This week’s New Title Tuesday recommendation is not technically new, but Sorry to Disrupt the Peace by Patty Yumi Cottrell is new to our Library. Published by the small non-profit publishing house, McSweeney’s, it has taken a little time for this debut novel to reach us. But late is better than never!
Winner of Independent Publisher Book Award’s Gold Medal for First Fiction
A Spring 2017 B&N Discover Great New Writers Selection
One of Buzzfeed, Vulture, Nylon, and LitHub’s most anticipated books of 2017.
Helen Moran is thirty-two years old, single, childless, college educated, and partially employed as a guardian of troubled young people in New York. She is accepting a furniture delivery in her shared studio apartment when her uncle calls to break the news: Helen’s adoptive brother is dead.
According to the Internet, there are six possible reasons why her brother might have killed himself. But Helen knows better: she knows that six reasons is only shorthand for ”the abyss.” Helen also knows that she alone is qualified to launch a serious investigation into his death, so she purchases a one-way ticket to Milwaukee. There, as she searches her childhood home and attempts to uncover why someone would choose to die, she will face her estranged family, her brother’s few friends, and the overzealous grief counselor, Chad Lambo; she may also discover what it truly means to be alive.
A bleakly comic tour de force that’s by turns poignant, uproariously funny, and viscerally unsettling, this debut novel has shades of Bernhard, Beckett, and Bowles – and it announces the singular voice of Patty Yumi Cottrell.
Sorry to Disrupt the Peace grabbed my attention quickly despite the unusual protagonist Helen Moran. From the first sentence, readers know that Helen’s adoptive brother has committed suicide. That’s enough to generate a degree of interest. But Helen is self-centered, off-center, inappropriate, and one whose version of reality is different than the other characters. For example, Helen seriously states, “I have always been a great dispenser of advice and was surprised people didn’t consult me or seek me out?” Cottrell’s decision not to use quotation marks around dialogue enhances this tension.
Lucy Scholes described Sorry to Disrupt the Peace as possessing “a deadpan strangeness” in her review for The Guardian, and that “the book is electrifying in its freshness.” Scholes goes on to say, “This is Helen in a nutshell: she’s unhinged one moment, then astutely observant or empathetic the next. Having returned to her childhood home in Milwaukee, she sets about investigating her adopted brother’s unexpected suicide. The result is a sort of existential detective hunt – equal parts hilarious and heartbreaking.”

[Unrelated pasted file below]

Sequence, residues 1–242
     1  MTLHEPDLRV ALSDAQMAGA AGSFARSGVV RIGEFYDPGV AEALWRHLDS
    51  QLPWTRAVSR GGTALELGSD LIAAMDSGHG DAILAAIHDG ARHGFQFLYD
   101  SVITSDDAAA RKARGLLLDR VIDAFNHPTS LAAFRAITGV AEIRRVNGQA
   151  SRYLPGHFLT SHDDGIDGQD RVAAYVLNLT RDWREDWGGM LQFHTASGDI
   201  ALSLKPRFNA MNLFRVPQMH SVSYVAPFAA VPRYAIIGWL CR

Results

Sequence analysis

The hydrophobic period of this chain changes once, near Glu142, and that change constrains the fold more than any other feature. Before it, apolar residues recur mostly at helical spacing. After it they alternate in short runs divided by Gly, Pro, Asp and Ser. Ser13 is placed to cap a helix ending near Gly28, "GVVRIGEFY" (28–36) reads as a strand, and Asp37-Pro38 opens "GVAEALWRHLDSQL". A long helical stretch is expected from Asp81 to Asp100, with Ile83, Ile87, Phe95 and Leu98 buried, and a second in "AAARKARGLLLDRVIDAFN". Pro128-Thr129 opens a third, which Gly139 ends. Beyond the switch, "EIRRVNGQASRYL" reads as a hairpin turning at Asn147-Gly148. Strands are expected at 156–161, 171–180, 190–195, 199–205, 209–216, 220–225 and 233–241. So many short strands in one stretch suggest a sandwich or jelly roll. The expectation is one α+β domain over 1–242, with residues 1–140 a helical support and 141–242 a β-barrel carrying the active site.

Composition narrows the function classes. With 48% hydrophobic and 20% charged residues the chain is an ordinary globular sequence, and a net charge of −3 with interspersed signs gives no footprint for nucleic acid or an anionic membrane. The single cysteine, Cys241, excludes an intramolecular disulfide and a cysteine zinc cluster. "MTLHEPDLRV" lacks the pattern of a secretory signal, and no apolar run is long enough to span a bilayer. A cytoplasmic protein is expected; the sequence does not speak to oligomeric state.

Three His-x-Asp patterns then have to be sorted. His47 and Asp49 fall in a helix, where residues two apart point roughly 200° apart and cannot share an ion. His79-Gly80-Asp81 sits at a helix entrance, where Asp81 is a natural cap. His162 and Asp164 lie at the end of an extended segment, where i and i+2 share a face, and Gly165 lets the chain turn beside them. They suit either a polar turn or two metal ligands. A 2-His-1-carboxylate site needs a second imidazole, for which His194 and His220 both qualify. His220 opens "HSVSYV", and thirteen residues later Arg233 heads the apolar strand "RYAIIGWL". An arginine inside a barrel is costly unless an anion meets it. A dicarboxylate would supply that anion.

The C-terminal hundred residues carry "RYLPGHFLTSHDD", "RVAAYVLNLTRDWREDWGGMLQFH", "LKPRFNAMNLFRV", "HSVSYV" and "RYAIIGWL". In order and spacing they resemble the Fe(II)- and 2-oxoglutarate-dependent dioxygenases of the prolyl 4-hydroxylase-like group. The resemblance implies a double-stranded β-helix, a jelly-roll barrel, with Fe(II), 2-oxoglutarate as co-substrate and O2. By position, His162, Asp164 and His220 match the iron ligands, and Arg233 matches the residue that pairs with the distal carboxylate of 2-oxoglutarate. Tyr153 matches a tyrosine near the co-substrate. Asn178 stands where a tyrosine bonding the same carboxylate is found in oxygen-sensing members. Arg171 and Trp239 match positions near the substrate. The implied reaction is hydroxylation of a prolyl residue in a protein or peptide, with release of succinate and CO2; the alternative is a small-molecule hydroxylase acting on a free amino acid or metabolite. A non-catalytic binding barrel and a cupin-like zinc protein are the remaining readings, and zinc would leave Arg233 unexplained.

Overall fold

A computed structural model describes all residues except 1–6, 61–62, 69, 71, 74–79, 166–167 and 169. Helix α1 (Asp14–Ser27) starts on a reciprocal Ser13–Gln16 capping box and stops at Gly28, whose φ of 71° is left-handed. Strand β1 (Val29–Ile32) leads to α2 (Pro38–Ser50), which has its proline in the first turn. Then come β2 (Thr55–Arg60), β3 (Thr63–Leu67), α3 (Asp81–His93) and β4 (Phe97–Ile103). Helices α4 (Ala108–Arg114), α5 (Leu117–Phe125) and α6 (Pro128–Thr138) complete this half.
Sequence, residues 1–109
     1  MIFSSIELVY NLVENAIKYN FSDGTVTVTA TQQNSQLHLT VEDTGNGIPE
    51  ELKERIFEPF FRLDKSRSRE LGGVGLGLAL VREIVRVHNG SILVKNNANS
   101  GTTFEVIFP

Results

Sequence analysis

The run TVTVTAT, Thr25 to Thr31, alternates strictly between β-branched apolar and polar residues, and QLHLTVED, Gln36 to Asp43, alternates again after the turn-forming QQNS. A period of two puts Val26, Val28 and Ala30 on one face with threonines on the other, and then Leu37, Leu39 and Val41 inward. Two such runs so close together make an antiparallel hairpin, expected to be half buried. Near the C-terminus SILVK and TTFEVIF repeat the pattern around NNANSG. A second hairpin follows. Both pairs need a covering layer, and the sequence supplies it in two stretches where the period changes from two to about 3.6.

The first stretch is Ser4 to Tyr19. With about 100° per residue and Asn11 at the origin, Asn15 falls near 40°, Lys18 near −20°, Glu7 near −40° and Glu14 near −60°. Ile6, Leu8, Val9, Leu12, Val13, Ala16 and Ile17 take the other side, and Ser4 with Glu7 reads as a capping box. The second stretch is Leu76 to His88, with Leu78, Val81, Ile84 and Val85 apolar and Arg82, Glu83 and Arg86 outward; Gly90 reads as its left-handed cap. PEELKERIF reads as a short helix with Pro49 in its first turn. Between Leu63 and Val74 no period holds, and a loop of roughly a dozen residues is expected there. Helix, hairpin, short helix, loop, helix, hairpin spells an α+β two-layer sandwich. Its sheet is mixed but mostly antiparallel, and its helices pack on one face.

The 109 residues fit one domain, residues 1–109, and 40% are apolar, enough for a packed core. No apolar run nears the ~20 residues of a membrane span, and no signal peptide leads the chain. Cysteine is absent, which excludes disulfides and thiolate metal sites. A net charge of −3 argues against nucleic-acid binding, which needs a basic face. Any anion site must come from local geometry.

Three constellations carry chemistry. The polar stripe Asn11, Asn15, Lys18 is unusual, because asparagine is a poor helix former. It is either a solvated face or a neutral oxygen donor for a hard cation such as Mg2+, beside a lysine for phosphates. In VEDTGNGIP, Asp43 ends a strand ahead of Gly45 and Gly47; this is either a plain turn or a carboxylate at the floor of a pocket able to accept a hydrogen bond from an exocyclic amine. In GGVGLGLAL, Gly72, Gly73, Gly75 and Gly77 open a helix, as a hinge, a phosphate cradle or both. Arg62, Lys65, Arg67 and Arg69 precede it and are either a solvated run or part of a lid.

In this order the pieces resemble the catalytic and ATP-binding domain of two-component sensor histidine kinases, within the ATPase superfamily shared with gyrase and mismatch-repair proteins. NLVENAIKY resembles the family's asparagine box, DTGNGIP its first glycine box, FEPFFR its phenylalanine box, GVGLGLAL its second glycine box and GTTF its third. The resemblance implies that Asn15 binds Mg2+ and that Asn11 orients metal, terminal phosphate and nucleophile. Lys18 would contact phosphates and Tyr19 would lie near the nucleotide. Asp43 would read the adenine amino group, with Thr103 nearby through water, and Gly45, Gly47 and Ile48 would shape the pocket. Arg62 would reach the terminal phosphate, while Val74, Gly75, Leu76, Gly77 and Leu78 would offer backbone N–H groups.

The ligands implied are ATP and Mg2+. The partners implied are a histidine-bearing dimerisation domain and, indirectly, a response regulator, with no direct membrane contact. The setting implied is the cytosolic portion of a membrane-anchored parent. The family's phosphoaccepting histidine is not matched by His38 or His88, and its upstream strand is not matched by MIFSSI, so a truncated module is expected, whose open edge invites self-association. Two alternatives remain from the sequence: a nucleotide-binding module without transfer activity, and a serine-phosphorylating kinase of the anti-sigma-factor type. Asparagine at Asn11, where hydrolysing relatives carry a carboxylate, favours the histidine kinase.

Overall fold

Cottrell’s stream of consciousness writing style for Sorry to Disrupt the Peace is perfect for showing the chaos that’s going on in Helen’s head – the struggle to survive financially and socially in New York, the estrangement from her adoptive parents as well her birth family, the lack of cultural identity or connection to Korea, and not to mention an obvious mental health concern.
But, all of these issues could be somewhat addressed through her decision to investigate her adoptive brother’s suicide.
Sorry to Disrupt the Peace is worth reading if for no other reason is that it’s witty and provides a literary conversation about suicide, family, race and culture.
Happy Reading, Susan C.
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Olive Kitteridge by Elizabeth Strout – Pulitzer Prize winner, 2009. Thirteen tales–linked by the overarching presence of brusque junior high math teacher Olive Kitteridge– present a portrait of ordinary coastal Mainers living lives of quiet grief intermingled with flashes of human connection
Lincoln in the Bardo by George Saunders – February 1862. The Civil War is less than one year old. The fighting has begun in earnest, and the nation has begun to realize it is in for a long, bloody struggle. Meanwhile, President Lincoln’s beloved eleven-year-old son, Willie, lies upstairs in the White House, gravely ill. In a matter of days, despite predictions of a recovery, Willie dies and is laid to rest in a Georgetown cemetery. Newspapers report that a grief-stricken Lincoln returned to the crypt several times alone to hold his boy’s body. Willie Lincoln finds himself in a strange purgatory, where ghosts mingle, gripe, commiserate, quarrel, and enact bizarre acts of penance. Within this transitional state, called, in the Tibetan tradition, the bardo, a monumental struggle erupts over young Willie’s soul.
The Rules of Magic by Alice Hoffman – For the Owens family, love is a curse that began in the 1600s, when Maria Owens was accused of witchery for loving the wrong man. In the early 1960s, Franny, Jet and Vincent Owens visit their Aunt Isabelle in the small Massachusetts town where the Owens family has been blamed for everything that has ever gone wrong. The siblings discover there are family secrets and begin to understand the truth of who they are. After they move back to New York City, each begins a risky journey as they try to escape the family curse.
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